Results

Patients’ characteristics

Between October 2012 and August 2018, 20 patients were enrolled in the study (Table 1). Median age was 63 years (range, 30-81), with a male/female ratio of 0.66. All patients had an extranodal marginal zone B-cell lymphoma; 4 patients had concomitant HBV or HCV infection; and no patient had increased lactate dehydrogenase serum levels. Lymphoma involved the right eye in 6 patients, the left eye in 7 patients, and both eyes in 7 patients. All but 3 patients were registered in this trial at first relapse. Seven patients had lymphoma refractory to the prior line of treatment; 19 patients were previously treated with doxycycline.8  Two patients were refractory to IV rituximab. Complete assessment of C psittaci infection was available for 10 patients, and, in 2 of the patients, infection was still detected at the time of enrollment in the study.

Table 1.

Patient characteristics (N = 20)

CharacteristicsData
Age, median (range), y 63 (30-81) 
Age >70 y 7 (35) 
Male/female ratio 0.66 
ECOG-PS ≤1 20 (100) 
High LDH serum level 0 (0) 
Extranodal marginal zone lymphoma 20 (100) 
HBV-HCV infection 4 (20) 
Eye  
 Right 6 (30) 
 Left 7 (35)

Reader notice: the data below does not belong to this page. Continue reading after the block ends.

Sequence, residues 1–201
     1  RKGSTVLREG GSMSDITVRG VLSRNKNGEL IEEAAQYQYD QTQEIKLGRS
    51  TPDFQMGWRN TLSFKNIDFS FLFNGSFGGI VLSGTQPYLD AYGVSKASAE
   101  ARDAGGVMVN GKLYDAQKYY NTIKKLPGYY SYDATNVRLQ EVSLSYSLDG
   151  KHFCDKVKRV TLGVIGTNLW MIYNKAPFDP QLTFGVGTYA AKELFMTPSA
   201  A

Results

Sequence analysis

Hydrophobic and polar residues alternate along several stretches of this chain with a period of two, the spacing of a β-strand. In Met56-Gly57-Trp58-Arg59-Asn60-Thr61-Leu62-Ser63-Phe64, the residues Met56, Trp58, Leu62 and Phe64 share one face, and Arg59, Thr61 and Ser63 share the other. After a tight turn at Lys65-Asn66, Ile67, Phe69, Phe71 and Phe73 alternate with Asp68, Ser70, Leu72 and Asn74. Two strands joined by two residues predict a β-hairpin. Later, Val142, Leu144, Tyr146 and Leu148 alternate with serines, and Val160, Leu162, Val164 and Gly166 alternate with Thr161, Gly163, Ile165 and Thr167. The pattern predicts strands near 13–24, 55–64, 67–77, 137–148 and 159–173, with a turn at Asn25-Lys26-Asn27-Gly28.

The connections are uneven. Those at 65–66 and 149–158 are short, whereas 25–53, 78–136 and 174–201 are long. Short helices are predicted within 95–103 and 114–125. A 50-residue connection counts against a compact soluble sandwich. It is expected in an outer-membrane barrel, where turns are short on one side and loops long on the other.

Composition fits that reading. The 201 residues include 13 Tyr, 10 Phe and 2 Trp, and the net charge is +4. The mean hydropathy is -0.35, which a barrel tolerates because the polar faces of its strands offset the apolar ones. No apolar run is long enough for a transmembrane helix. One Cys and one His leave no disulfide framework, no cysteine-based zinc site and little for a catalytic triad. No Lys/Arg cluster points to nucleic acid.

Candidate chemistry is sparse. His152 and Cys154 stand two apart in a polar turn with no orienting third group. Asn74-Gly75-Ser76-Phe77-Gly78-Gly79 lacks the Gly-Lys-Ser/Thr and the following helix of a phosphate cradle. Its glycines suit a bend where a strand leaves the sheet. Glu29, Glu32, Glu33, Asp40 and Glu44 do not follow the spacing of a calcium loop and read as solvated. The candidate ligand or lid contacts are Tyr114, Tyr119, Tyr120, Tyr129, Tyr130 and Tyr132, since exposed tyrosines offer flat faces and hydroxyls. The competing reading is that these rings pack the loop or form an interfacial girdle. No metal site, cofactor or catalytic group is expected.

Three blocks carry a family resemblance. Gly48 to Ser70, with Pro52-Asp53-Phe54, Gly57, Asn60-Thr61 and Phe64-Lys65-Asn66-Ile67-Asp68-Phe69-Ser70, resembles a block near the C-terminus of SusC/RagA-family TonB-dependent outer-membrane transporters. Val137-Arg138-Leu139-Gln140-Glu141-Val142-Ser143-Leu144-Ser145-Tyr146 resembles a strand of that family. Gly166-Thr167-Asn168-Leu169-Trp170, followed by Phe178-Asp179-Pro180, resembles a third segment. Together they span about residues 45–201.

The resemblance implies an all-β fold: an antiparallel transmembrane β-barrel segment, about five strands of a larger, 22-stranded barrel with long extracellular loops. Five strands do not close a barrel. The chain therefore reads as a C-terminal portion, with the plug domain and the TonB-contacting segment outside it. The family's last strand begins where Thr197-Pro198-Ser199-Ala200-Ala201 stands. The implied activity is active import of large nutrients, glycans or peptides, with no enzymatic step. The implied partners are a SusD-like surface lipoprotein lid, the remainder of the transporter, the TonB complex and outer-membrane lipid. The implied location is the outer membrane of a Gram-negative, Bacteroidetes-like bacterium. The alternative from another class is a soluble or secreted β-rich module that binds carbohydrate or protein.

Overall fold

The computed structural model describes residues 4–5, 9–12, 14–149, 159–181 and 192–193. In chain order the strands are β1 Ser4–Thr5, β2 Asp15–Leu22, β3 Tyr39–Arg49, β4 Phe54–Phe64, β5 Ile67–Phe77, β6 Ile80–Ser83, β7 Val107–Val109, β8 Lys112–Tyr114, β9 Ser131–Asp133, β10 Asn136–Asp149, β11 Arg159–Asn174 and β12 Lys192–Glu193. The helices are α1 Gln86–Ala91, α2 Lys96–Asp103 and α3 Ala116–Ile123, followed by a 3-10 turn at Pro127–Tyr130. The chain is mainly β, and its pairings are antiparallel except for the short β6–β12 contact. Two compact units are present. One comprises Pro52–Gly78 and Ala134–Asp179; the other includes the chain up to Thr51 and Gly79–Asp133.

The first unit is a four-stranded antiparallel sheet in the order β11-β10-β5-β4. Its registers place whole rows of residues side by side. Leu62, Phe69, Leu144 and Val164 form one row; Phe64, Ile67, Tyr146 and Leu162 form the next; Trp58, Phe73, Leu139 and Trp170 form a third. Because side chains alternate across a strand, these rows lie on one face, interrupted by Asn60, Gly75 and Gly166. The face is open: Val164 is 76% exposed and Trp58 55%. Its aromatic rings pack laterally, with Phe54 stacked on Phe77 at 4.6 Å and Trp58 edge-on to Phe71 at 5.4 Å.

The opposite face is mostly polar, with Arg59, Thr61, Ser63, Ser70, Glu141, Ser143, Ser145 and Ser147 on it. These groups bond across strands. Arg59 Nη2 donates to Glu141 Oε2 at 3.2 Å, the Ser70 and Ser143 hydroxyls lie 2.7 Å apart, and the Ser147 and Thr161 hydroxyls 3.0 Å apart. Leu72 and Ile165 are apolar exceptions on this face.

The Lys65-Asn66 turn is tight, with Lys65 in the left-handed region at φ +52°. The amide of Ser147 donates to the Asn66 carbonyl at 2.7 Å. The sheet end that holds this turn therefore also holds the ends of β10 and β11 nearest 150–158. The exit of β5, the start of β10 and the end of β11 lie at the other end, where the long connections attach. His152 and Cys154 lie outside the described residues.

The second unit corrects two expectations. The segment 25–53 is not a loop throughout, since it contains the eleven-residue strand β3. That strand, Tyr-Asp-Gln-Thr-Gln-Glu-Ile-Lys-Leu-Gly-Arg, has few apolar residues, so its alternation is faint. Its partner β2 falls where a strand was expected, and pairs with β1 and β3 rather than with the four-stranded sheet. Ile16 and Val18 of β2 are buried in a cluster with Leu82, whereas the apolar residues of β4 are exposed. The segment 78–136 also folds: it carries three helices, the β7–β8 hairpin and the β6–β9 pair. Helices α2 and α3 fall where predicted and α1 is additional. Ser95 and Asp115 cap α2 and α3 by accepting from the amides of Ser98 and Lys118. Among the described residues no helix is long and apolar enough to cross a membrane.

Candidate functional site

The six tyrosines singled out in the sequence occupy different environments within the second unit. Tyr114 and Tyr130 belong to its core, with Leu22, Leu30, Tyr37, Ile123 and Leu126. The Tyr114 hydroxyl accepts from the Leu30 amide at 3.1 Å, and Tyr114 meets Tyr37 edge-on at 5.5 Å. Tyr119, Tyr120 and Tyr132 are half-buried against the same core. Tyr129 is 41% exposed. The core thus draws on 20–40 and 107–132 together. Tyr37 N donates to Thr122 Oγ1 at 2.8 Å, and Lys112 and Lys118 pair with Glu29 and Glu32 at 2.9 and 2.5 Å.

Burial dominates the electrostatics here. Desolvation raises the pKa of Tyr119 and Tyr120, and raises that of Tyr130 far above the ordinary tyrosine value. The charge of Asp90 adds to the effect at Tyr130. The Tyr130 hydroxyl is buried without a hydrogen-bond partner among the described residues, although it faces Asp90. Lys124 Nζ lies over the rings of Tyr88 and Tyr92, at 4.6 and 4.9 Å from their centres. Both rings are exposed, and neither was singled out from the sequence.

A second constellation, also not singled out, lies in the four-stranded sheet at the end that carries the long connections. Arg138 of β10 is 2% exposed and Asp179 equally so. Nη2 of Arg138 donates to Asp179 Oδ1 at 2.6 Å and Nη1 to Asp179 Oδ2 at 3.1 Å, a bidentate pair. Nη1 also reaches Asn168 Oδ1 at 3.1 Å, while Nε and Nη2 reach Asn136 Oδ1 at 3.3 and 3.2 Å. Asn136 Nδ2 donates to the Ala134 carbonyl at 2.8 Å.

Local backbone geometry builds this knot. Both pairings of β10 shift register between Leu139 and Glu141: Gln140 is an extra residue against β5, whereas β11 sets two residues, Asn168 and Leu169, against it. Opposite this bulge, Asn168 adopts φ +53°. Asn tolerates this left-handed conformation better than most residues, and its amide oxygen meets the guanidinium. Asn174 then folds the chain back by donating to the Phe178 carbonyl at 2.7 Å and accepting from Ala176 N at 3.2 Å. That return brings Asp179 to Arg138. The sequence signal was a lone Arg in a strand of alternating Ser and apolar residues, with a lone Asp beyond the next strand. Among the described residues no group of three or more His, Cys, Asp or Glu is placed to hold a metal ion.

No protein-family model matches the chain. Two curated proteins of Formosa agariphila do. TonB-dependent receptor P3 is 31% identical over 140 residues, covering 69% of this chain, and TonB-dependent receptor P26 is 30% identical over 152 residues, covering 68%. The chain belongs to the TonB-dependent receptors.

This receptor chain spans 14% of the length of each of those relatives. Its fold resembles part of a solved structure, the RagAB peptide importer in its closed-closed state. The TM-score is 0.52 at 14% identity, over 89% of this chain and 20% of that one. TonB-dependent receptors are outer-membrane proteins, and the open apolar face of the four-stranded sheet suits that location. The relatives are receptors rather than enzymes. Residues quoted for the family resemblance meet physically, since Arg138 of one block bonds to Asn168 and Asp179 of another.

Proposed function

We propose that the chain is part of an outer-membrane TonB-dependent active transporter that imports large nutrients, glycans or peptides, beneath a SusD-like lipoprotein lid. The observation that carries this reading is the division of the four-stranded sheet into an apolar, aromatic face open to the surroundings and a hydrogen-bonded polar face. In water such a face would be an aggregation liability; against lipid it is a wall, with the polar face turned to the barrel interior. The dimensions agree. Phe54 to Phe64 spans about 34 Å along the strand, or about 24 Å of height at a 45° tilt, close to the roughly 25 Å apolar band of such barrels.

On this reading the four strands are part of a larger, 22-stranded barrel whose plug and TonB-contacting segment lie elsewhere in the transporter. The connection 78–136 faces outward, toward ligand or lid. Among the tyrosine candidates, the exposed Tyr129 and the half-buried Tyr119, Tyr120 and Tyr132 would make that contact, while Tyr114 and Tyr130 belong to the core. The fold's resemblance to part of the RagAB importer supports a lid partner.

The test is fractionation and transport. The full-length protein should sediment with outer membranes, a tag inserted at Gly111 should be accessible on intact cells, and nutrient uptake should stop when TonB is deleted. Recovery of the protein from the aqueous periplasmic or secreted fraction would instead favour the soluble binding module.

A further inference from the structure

Bilateral 7 (35) 
Prior treatment  
 Doxycycline 17 (85) 
 Doxycycline; clarithromycin 1 (5) 
 Doxycycline; intravenous rituximab 1 (5) 
 IV rituximab 1 (5) 
 Refractory to prior line 4 (20) 
CharacteristicsData
Age, median (range), y 63 (30-81) 
Age >70 y 7 (35) 
Male/female ratio 0.66 
ECOG-PS ≤1 20 (100) 
High LDH serum level 0 (0) 
Extranodal marginal zone lymphoma 20 (100) 
HBV-HCV infection 4 (20) 
Eye  
 Right 6 (30) 
 Left 7 (35) 
 Bilateral 7 (35) 
Prior treatment  
 Doxycycline 17 (85) 
 Doxycycline; clarithromycin 1 (5) 
 Doxycycline; intravenous rituximab 1 (5) 
 IV rituximab 1 (5) 
 Refractory to prior line 4 (20) 

Unless otherwise noted, all data are n (%).

ECOG-PS, Eastern Cooperative Oncology Group Performance Status; LDH, lactate dehydrogenase.

Safety (primary end point)